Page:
Today, most companies outsource at least some of their IT work — to India, the United States, and elsewhere — as companies in other nations try to follow India’s lead in providing highly skilled professionals at relatively low price points.
The top two pressures that drive the outsourcing of application development and maintenance should come as no surprise to executives: reducing IT operating costs and the desire to have internal IT focus more heavily on strategic tasks. But many organizations, especially mid-size enterprises, see value in human asset management in IT: tapping the superior expertise among some providers with the goal of having that knowledge transfused into the skill sets of their internal IT professionals. Also, more than one third cite a need for quicker turnaround in application development projects, a key performance measurement in a faster-paced business world in which delay and hesitation can impact competitiveness.
This article, excerpted from a report by the same title written by analysts at Aberdeen Group, shares key findings about what characterizes a company as “best in class” in application development and maintenance outsourcing initiatives.
While the drivers behind application development and maintenance outsourcing are clear, organizations — taken altogether — are receiving four key benefits from their third-party relationships: more time for their IT staff to focus on strategic work, lower costs, and improvements in version control, lifecycle management, and in documentation of procedures and best practices.
How Do You Win?
The criteria for winning at outsourcing application development or maintenance vary depending on the company. However, leading companies, what Aberdeen refers to as Best in Class, excel in three key measurements — higher cost savings, greater user satisfaction, and improved project delivery performance — over Industry Average and Laggard firms within Aberdeen’s Competitive Framework.
To determine the Best in Class for this report, Aberdeen looked at the major drivers behind application development and maintenance outsourcing, then examined respondents’ answers to a series of key performance questions, starting with cost savings. The companies that emerged at the top 20% of the survey field saved, on average, 56% by outsourcing application development and/or maintenance functions, compared with 26% for Industry Average firms, and very little for Laggards (Figure 1). Those same firms also performed better than the other two groups in improving user satisfaction and project delivery, as well as improvement in defect rates.
So, while cost savings is a top driver, it is not the driver in all organizations. Here’s what an IT manager from a mid-size company in the food and beverage industry has to say about his employer’s reasons for outsourcing: “We do not outsource to save (on costs),” he says emphatically. “We do it to gain access to superior expertise for short periods (of time) and then to free up our internal IT professionals to focus on their strategic work.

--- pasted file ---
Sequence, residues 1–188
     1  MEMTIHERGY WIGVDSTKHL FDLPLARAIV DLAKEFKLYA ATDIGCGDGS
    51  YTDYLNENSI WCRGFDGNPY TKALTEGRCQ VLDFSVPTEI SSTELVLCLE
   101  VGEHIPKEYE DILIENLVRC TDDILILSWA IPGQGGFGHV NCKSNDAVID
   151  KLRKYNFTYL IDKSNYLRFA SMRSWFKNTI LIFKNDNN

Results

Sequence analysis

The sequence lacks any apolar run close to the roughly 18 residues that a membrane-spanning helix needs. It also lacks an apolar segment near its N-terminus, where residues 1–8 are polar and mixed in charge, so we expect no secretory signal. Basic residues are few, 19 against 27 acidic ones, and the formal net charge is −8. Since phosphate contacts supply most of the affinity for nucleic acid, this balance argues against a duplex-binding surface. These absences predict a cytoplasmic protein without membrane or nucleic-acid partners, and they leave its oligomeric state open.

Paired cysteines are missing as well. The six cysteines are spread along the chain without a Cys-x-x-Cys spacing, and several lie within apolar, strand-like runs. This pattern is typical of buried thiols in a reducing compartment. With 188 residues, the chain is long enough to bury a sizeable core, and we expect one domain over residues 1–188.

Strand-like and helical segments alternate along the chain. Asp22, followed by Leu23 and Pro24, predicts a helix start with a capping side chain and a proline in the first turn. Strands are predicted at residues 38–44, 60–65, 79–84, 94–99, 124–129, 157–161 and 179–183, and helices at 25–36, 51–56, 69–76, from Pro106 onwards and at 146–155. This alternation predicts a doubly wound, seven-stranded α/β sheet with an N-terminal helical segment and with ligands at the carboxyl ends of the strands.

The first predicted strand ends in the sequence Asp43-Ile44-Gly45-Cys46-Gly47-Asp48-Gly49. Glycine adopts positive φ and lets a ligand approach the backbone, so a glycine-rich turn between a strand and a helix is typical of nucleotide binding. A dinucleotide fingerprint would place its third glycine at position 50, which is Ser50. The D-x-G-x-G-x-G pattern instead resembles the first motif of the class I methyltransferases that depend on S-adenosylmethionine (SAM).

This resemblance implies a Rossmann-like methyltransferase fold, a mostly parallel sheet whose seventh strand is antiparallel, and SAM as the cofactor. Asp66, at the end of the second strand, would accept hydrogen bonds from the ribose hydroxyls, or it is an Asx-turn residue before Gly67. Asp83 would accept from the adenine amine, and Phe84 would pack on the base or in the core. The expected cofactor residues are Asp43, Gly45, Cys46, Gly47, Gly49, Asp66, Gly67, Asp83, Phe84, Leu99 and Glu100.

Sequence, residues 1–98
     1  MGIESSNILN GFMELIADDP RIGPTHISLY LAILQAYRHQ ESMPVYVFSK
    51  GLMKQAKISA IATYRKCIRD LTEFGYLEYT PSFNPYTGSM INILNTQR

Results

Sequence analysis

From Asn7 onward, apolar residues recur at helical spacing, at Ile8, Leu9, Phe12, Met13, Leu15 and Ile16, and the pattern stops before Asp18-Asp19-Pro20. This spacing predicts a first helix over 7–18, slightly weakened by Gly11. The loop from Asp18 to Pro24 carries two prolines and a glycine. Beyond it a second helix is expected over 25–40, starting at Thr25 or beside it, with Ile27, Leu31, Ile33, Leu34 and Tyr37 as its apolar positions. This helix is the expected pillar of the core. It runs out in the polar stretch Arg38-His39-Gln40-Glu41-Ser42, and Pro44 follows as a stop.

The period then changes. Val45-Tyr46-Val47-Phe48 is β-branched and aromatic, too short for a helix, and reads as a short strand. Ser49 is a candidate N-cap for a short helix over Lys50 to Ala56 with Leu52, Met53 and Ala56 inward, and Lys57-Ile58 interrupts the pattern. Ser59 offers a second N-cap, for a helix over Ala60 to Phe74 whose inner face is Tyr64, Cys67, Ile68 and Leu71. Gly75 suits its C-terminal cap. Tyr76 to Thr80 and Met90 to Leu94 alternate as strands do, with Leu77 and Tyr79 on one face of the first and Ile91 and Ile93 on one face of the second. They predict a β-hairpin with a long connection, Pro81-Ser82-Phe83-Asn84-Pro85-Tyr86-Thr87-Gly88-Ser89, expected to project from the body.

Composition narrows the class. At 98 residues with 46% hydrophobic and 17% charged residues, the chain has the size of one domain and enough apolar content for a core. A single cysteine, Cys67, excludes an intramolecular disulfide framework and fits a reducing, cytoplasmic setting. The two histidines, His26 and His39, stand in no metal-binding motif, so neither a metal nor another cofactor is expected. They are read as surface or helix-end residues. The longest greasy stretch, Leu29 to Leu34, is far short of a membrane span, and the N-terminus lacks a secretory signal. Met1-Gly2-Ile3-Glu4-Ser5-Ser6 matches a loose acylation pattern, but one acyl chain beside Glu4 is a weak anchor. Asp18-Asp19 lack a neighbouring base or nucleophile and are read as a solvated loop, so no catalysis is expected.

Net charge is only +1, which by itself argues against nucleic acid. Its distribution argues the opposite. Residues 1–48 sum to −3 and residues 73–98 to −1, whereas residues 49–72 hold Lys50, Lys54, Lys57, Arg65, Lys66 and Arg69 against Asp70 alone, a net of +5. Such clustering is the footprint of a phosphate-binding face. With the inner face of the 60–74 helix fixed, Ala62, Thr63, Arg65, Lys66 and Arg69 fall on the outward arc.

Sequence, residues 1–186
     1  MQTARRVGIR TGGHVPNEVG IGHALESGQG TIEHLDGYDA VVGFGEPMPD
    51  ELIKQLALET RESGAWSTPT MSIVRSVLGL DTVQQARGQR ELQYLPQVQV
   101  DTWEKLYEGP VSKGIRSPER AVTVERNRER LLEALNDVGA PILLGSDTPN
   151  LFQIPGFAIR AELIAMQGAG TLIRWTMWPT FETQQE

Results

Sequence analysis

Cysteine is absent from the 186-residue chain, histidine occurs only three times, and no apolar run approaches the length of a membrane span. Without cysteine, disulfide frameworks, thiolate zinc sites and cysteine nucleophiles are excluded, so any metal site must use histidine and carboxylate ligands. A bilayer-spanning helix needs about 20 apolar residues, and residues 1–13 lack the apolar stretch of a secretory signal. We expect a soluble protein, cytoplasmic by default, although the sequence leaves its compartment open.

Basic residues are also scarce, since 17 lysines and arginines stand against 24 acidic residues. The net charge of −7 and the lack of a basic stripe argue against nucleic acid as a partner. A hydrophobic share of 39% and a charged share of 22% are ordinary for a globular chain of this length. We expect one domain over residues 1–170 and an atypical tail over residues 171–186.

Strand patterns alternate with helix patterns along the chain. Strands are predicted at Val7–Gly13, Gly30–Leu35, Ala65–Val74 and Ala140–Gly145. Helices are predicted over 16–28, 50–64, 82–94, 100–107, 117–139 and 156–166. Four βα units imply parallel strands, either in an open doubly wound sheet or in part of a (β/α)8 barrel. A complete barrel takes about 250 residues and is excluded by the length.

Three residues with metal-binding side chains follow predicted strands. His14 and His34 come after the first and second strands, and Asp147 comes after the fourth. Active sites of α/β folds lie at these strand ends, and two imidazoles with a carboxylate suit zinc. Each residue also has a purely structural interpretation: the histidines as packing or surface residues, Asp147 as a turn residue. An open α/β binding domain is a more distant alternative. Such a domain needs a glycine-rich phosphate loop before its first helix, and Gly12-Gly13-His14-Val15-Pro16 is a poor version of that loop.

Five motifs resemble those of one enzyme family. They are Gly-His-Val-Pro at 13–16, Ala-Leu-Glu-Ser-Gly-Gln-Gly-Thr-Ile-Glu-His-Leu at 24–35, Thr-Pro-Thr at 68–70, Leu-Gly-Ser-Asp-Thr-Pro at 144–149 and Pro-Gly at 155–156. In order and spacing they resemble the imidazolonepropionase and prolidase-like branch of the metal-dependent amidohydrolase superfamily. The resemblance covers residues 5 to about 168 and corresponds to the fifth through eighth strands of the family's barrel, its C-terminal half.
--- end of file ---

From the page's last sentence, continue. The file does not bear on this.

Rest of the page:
“We have done several exercises related to reduced cost through outsourcing and none — I mean none — has come out at a lower cost but rather higher cost at a promise of more benefits. Over time these promises actually fade … and the initial cost goes up or the service goes down.”
Table 1 highlights the other differences among the Best in Class, Industry Average, and Laggard firms in their processes, knowledge, and organizational strategies in application development and maintenance outsourcing.
|Table 1: Aberdeen's competitive framework for application outsourcing.|
Best in Class
|Process||Call on relationship management skills that extend across all enterprise functions. Tend to take more of an incremental approach to outsourcing (e.g., outsource pieces of work, opt for longterm contracts) when launching a strategy.||Heavy focus on systems analysis and quality assurance. Tend to outsource pieces of work to determine which providers can best meet their needs.||Heavy focus on end-user testing and systems analysis. May outsource pieces of work to determine which providers can best meet needs; also look at pilot projects to help set expectations.|
|Organization||CIO and CTO play major roles in outsourcing decisions. Most have cross-functional relationship management team to oversee relationship.||CIO and CTO likely to play major roles in outsourcing decisions. Most manage outsourced work from within the company.||Most CIOs play major roles, but not CTOs. Most manage outsourced work from within the company.|
|Knowledge||Retain the most strategic functions, such as project management, acceptance, and business process optimization, and leave the rest to third-party providers.||Most retain the most strategic functions, along with systems architecture and QA.||Retain the most strategic functions, along with systems architecture, QA, integration testing, and installation.|